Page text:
His Brittanic Majesty acknowledges the said United States, viz., New Hampshire, Massachusetts Bay, Rhode Island and Providence Plantations, Connecticut, New York, New Jersey, Pennsylvania, Maryland, Virginia, North Carolina, South Carolina and Georgia, to be free sovereign and independent states, that he treats with them as such, and for himself, his heirs, and successors, relinquishes all claims to the government, propriety, and territorial rights of the same and every part thereof.
Roughly 18 months prior to this peace Treaty, the Articles of Confederation which Lee had proposed was ratified. The colonies maintained their sovereignty within this confederacy which they dubbed: “The United States of America”.
Articles of Confederation : March 1, 1781
I. The Stile of this Confederacy shall be “The United States of America”.
II. Each state retains its sovereignty, freedom, and independence, and every power, jurisdiction, and right, which is not by this Confederation expressly delegated to the United States, in Congress assembled.
So, there can be no doubt that the 13 original colonies operated as independent sovereign states from the time of its official declaration in 1776 thru the war for independence and all the years up until 1789 under the Article of Confederation. All that is left to demonstrate is that the states retained their sovereignty when the Constitution was ratified. If this can be established, then the states which are party to the Constitution may rightfully exercise that sovereignty in the face of federal overreach and abuse of power.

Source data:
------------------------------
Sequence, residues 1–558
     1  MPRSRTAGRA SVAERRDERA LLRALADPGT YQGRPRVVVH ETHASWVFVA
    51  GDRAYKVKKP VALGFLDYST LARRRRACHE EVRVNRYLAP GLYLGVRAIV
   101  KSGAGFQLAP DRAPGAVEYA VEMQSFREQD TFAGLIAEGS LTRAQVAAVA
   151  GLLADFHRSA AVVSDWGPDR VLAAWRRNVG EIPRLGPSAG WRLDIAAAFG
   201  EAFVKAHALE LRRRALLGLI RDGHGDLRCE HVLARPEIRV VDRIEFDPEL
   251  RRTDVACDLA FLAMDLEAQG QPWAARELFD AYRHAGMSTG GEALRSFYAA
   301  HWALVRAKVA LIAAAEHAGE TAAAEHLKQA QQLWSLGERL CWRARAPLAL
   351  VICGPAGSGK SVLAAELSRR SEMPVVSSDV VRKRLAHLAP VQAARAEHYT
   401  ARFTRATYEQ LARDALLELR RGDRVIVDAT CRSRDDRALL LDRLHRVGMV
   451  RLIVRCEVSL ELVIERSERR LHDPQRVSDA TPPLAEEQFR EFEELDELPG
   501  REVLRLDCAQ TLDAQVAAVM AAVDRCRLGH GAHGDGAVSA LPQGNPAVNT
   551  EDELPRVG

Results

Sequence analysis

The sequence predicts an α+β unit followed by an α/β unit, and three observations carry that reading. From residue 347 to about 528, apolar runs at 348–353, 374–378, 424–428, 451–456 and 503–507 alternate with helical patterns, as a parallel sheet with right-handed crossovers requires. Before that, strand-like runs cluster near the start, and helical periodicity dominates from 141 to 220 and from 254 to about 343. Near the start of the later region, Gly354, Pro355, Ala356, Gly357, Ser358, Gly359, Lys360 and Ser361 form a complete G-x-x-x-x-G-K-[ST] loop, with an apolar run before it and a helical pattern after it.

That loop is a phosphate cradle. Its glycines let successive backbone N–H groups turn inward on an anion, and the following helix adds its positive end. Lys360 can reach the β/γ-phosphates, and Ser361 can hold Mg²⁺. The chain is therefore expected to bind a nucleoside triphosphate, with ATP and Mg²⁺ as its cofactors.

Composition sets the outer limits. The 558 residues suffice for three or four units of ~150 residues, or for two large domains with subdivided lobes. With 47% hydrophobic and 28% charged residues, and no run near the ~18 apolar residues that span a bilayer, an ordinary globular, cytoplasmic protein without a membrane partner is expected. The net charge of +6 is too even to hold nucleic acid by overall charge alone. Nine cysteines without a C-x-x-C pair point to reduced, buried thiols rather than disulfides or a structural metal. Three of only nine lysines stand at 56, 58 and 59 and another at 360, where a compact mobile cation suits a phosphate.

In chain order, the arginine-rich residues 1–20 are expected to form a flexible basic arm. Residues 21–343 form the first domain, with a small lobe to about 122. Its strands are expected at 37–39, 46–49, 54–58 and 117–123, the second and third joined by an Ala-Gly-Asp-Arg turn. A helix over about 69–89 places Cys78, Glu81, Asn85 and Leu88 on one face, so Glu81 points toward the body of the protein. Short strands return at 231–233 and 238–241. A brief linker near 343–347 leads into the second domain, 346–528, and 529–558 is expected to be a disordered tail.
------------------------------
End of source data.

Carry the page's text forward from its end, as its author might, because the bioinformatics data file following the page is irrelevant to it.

Sovereignty Retained in the Ratification of the Constitution
Naturally, in order to establish a more perfect union, the Articles of Confederation required amendment and the states felt compelled to relinquish some degree of autonomy. A study of the constitution and the convention itself demonstrates the struggle that the representatives of the various states under went in their attempt to determine how much power to delegate to a central government. The key to understanding that the states intended to retain sovereignty is in the language they used in drafting the instrument. They used words such as “granted”, “enumerated”, “delegated”, etc.. The preamble lists the 6 reasons for adopting the constitution:
The Preamble of the Constitution
We, the people of the United States,
- in order to form a more perfect Union,
- establish justice,
- insure domestic tranquility,
- provide for the common defense,
- promote the general welfare,
- and secure the blessings of liberty to ourselves and our posterity,
do ordain and establish this Constitution for the United States of America.
Article I defines the power of Congress. It starts by establishing that all Legislative Powers, herein granted, are vested in a Congress of the United States… Then it defines the congress as being bicameral, or consisting of two parts, a House and a Senate. So we know that federal law will be made only by the congress. We also know that the use of the term “herein granted” indicates that there are legislative powers not granted to the congress, that is, reserved by the states. In section 8 of Article I there are 18 specifically enumerated (granted) powers. Section 10 of Article I lists specific areas in which the states have agreed not to exercise certain powers and to avoid certain abuses of power which were once suffered under the British Crown. In order to agree not to exercise certain powers, they obviously have authority to do these things, but are delegating this power to the central government with the exception of the few clauses prohibiting abuses of power which I will place in bold. These voluntary restrictions are: